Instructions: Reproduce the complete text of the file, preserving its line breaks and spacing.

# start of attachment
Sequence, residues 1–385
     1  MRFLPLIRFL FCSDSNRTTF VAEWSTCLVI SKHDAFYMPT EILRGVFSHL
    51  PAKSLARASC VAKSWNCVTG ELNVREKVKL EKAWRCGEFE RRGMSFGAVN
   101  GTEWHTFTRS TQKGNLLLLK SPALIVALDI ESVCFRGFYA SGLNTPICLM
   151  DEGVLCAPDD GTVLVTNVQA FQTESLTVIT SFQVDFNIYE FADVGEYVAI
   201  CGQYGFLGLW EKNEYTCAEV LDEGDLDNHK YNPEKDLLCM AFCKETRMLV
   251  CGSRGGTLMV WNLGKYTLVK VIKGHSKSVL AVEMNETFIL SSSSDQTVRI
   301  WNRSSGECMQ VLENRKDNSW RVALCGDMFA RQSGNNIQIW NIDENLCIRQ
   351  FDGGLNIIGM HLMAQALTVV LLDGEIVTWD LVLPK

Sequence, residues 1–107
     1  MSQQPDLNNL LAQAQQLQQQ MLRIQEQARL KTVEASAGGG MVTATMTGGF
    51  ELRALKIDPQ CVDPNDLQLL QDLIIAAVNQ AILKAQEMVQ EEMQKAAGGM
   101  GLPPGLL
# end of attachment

Sequence, residues 1–385
     1  MRFLPLIRFL FCSDSNRTTF VAEWSTCLVI SKHDAFYMPT EILRGVFSHL
    51  PAKSLARASC VAKSWNCVTG ELNVREKVKL EKAWRCGEFE RRGMSFGAVN
   101  GTEWHTFTRS TQKGNLLLLK SPALIVALDI ESVCFRGFYA SGLNTPICLM
   151  DEGVLCAPDD GTVLVTNVQA FQTESLTVIT SFQVDFNIYE FADVGEYVAI
   201  CGQYGFLGLW EKNEYTCAEV LDEGDLDNHK YNPEKDLLCM AFCKETRMLV
   251  CGSRGGTLMV WNLGKYTLVK VIKGHSKSVL AVEMNETFIL SSSSDQTVRI
   301  WNRSSGECMQ VLENRKDNSW RVALCGDMFA RQSGNNIQIW NIDENLCIRQ
   351  FDGGLNIIGM HLMAQALTVV LLDGEIVTWD LVLPK

Sequence, residues 1–107
     1  MSQQPDLNNL LAQAQQLQQQ MLRIQEQARL KTVEASAGGG MVTATMTGGF
    51  ELRALKIDPQ CVDPNDLQLL QDLIIAAVNQ AILKAQEMVQ EEMQKAAGGM
   101  GLPPGLL